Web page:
This weeklong exhibit and the presentation today have already served their purpose – Holocaust awareness. It was not smooth sailing organizing this event. The Holocaust is a very sensitive subject and everyone has their views on how to approach Holocaust education. I am very moved by the outpouring of support from participating organizations in our very diverse community. May this be an example of collaboration, tolerance, compassion and love towards our ultimate goal: peace on this campus, in our community and around the world.
Traditionally, during Holocaust commemorations, six memorial candles are lit to represent the six million Jewish lives lost in the Holocaust. Today, we have chosen to light seven memorial candles, to be lit by UVic students representing various communities and causes, with our seventh candle symbolizing our hope. Performing “Mi Ha’Ish” is post-doctoral fellow Dr. Orly Salama-Alber, accompanied by Hannah Faber, the volunteer coordinator of UVic’s Jewish Students Association, and the same song that has been incorporated into our gift to Dawn Smith, who performed the First Nations acknowledgement earlier. In English, the lyrics read: “Who desires life, loving each day to see good? Then guard your tongue from evil and your lips from speaking deceit. Turn from evil and do good, seek peace and pursue it.” (Psalm 34:12-4)
Our first candle will be lit by undergraduate students Shelly Selivanov, Paige Gelfer and Anat Kelerstein and master’s student Keenan Anthony, grandchildren of Holocaust survivors, and they will be lighting on behalf of the six million Jews who perished in the Shoah.
Our second candle will be lit by I-witness Field School student Cheryl Noon and history graduate student Kaitlin Findlay on behalf of all other persecuted victims of the Holocaust.
Our third candle will be lit by international students Moe Ezzine and Abbie Urquia, who are members of the African Awareness Club, on behalf of all the victims of genocide, including, but not limited to, the Armenian genocide, the Rwandan genocide, the Ukrainian genocide and, more recently, the Syrian genocide.
Our fourth candle will be lit by student advocates Lane Foster and Maks Zouboules from the Sexualized Violence Task Force on behalf of all victims of sexualized violence on and off campus.
Our fifth candle will be lit by undergraduate student Nicola Craig Hora and graduate student Lauren Thompson, who are co-designing a teaching unit on the Holocaust for high school students, on behalf of all the children whose lives were cut short and were robbed of their bright futures.
Our sixth candle will be lit by members of the Indigenous Law Students Association, Thomas Laboucan-Avirom and Rachelle Trenholm, on behalf of all victims of residential schools and Japanese internment camps here in Canada.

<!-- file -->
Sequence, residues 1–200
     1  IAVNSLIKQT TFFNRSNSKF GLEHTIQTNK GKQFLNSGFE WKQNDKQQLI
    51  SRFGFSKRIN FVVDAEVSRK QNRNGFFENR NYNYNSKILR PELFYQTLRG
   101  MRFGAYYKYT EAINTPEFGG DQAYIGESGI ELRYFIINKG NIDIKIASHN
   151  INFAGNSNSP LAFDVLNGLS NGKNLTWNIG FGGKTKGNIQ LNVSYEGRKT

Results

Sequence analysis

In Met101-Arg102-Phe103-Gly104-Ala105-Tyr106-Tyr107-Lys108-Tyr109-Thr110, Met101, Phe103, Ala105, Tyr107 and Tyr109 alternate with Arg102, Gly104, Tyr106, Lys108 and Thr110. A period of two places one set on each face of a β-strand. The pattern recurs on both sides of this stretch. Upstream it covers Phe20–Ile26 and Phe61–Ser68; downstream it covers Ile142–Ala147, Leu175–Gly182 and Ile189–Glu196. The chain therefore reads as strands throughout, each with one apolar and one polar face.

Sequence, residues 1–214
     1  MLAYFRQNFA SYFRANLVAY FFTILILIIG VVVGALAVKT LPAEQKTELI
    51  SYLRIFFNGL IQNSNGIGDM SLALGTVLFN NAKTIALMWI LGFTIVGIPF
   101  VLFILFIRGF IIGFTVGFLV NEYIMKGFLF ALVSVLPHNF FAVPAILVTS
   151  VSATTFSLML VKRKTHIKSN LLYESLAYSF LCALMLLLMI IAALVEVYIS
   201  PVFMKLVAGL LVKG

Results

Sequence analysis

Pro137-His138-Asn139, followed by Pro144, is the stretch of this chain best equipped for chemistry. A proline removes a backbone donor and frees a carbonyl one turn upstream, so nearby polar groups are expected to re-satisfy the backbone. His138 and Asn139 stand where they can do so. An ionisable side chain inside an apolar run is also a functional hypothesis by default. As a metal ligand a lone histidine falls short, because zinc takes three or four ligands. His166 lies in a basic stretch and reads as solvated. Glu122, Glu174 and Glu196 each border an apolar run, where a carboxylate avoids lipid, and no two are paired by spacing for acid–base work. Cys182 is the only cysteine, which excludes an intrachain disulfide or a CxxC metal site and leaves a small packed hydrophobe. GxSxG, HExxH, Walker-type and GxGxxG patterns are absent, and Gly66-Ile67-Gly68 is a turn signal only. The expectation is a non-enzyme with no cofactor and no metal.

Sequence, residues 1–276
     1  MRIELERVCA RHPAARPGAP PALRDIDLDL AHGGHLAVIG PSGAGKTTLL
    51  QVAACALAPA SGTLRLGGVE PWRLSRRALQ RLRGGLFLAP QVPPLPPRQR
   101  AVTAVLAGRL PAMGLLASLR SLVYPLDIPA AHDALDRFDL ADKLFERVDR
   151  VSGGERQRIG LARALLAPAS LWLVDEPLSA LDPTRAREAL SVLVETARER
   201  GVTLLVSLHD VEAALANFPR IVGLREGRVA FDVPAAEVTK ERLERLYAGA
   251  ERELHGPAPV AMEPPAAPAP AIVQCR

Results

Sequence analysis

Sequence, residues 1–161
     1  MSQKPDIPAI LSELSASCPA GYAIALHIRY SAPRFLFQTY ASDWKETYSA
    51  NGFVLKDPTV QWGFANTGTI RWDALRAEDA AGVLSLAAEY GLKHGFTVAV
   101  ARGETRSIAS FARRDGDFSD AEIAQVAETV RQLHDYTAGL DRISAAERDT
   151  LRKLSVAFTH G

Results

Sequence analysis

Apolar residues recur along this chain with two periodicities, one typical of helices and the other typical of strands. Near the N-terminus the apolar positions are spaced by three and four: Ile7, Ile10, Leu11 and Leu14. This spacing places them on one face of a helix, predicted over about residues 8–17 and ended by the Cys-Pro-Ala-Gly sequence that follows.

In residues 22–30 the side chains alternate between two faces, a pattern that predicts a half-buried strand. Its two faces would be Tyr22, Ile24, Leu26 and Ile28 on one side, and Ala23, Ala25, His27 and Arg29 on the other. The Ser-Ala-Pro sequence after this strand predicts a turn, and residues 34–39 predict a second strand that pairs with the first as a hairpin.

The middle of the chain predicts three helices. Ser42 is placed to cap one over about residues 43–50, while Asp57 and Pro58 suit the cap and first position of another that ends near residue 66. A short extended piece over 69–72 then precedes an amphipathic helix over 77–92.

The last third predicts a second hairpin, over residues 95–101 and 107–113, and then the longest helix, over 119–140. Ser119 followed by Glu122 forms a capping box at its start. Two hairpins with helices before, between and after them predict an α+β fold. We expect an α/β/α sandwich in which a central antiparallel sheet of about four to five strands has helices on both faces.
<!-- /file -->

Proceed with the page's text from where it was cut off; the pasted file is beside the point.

Our seventh and final candle, our candle of hope, will be lit by Multifaith Services work-study students Olivia Bos and Gabriela Turla, on behalf of all humanity, regardless of their race, religion, creed and sexual orientation.
On stage, between the candles is our broken window. This window is shattered and represents Kristallnacht, the night of Nov. 9, 1938, on which a massive coordinated attack on Jews occurred and swept across Europe, marking the beginning of the Holocaust. This night is otherwise known as the Night of Broken Glass. Throughout this presentation, we will be reclaiming the broken pieces of glass and rebuilding this very window in a communal act of resilience.
The eight window pieces were placed by members or representatives of the following groups: 1) First Nations community; 2) UVic Multifaith Services; 3) Jewish Federation of Victoria and Vancouver Island; 4) UVic Holocaust educators; 5) Campus Security; 6) student leaders (Jewish Students Association, Indigenous Law Students Association, History Undergraduate Society, Multifaith Services work-study students, Germanic and Slavic studies students, I-witness Field School students, and student advocates from African Awareness Club and Sexualized Violence Task Force); 7) UVic administration (Equity and Human Rights Office); and 8) children of Holocaust survivors and members of the Kristallnacht planning committee.
It takes a community to overcome trauma and rebuild a peaceful future. It also takes a community to prevent trauma from happening in the first place.
Carmel Tanaka is the Hillel BC director at the University of Victoria, a granddaughter of Holocaust survivors and an advocate for Holocaust awareness.